Rick Leland makes no secret of the fact he has no loyalty to his home country after he is court-marshaled out of the army and boards a Japanese ship for the Orient in late 1941. But has ... See full summary »
China Valdes joins the Cuban underground after her brother is killed by the chief of the secret police, Ariete. She meets and falls in love with American expatriate Tony Fenner. Tony ... See full summary »
Andrew Morton is an attorney who made it out of the slums. Nick Romano is his client, a young man with a long string of crimes behind him. After he lost his paycheck gambling, hoping to buy... See full summary »
A quartet of international crooks -- Peterson, O'Hara, Ross and Ravello -- is stranded in Italy while their steamer is being repaired. With them are the Dannreuthers. The six are headed for Africa, presumably to sell vacuum cleaners but actually to buy land supposedly loaded with uranium. They are joined by others who apparently have similar designs. Written by
Ed Stephan <firstname.lastname@example.org>
The failure of the original copyright holder to renew the film's copyright resulted in it falling into public domain, meaning that virtually anyone could duplicate and sell a VHS/DVD copy of the film. Therefore, many of the versions of this film available on the market are either severely (and usually badly) edited and/or of extremely poor quality, having been duped from second- or third-generation (or more) copies of the film. See more »
In Harry and Gwendolyn's first dialog scene on the street, the shadow of a boom microphone can be seen on the wall behind them. See more »
I have a theory about you and your friends.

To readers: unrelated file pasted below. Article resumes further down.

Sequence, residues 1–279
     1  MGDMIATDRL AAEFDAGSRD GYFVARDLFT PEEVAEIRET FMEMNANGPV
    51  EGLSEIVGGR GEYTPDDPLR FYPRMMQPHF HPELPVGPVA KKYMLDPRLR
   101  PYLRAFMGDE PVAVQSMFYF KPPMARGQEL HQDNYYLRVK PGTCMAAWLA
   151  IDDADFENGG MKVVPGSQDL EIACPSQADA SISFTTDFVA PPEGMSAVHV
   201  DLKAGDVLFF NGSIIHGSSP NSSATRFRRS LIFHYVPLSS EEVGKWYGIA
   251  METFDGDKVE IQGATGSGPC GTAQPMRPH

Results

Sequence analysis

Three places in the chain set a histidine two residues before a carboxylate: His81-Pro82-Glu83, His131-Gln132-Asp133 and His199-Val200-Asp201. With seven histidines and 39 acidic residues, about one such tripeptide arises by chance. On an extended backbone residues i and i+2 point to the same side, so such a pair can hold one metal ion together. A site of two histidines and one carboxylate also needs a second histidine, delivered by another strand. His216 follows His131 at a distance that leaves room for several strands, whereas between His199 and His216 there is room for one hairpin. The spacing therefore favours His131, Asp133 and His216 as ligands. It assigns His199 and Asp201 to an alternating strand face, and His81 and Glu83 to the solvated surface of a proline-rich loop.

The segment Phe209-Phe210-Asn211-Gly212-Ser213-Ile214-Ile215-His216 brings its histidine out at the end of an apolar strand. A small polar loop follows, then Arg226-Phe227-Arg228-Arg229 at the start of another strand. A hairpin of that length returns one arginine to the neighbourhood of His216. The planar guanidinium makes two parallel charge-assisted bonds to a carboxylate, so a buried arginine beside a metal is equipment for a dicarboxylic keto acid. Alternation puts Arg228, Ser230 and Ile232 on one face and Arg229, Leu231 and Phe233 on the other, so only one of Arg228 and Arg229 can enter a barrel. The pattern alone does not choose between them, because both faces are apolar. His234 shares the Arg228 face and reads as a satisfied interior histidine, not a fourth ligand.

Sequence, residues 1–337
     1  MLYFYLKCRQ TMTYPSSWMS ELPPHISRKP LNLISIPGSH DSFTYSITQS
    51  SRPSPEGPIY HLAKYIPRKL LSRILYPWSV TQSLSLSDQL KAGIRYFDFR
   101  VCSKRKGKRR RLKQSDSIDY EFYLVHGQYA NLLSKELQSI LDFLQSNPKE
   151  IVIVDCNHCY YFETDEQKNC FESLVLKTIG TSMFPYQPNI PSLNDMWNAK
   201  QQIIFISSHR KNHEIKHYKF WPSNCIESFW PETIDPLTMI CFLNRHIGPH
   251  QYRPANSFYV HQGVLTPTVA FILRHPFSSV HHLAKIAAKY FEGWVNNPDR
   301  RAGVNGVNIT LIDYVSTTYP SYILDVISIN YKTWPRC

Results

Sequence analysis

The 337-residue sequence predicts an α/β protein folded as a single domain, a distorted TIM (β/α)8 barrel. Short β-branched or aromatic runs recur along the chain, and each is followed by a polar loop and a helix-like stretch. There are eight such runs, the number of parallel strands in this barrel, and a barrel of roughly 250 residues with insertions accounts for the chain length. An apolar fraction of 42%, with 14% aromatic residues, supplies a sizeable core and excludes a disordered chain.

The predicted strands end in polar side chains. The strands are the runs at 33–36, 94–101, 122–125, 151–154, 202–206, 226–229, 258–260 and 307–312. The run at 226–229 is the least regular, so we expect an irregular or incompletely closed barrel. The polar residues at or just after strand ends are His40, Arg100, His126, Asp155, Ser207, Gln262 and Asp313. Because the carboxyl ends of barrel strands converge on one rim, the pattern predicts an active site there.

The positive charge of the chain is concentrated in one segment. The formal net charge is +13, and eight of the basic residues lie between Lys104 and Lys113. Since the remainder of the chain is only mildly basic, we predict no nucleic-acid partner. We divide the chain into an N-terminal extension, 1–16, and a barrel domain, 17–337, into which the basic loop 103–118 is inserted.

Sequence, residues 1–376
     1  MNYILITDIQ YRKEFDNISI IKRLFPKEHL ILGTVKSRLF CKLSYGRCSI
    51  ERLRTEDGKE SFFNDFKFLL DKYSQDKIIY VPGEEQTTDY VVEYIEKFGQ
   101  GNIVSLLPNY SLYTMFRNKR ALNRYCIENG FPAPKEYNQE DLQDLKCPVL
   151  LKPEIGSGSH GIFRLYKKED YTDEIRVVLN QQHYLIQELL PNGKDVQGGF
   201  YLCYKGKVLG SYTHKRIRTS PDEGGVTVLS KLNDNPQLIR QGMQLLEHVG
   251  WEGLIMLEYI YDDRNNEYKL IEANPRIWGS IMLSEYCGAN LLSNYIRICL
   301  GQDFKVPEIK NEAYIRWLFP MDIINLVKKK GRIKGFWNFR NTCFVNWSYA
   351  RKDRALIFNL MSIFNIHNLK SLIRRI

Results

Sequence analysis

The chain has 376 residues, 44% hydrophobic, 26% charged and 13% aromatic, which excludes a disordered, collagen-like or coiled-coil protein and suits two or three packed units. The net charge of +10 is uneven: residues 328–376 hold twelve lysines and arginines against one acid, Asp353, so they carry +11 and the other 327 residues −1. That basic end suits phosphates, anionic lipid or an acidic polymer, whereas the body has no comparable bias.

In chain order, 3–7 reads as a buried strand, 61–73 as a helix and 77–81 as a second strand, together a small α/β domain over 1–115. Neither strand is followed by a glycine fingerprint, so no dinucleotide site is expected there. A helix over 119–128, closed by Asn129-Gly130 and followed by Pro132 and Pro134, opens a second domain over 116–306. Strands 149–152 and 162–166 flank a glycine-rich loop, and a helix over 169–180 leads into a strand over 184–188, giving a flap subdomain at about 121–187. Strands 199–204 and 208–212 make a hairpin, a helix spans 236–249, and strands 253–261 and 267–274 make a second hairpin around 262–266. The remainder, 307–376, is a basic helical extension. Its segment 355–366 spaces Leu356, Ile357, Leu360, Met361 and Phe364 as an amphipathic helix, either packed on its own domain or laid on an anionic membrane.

Correction - my associates.
As a matter of fact, I think you're doctors. Evil ones, I mean. You're going to the heart of the jungle where human life is cheap, to perform ghastly experiments which require the sacrifice of thousands on the altar of science.
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I've tried, and tried, and tried, and have now given up trying to figure out the appeal "Beat the Devil" has to a certain clique of film fans. There's no denying its surface appeal. Bogie, Huston, Capote, Lorre, Jones, et al, but I'd have to agree with Bogart who called it a "dog." It's not exciting, it's not funny, and it's not appealing to the eye. The shoddy production values (at least for a film with a cast, director, and writer of such high calibre) were apparent to many critics of the time, so the video and DVD releases probably look no worse than the film did in 1953. The fact that the copyright holders (Bogart's company co-produced) let this fall into the public domain may be a clue to what they thought of it.
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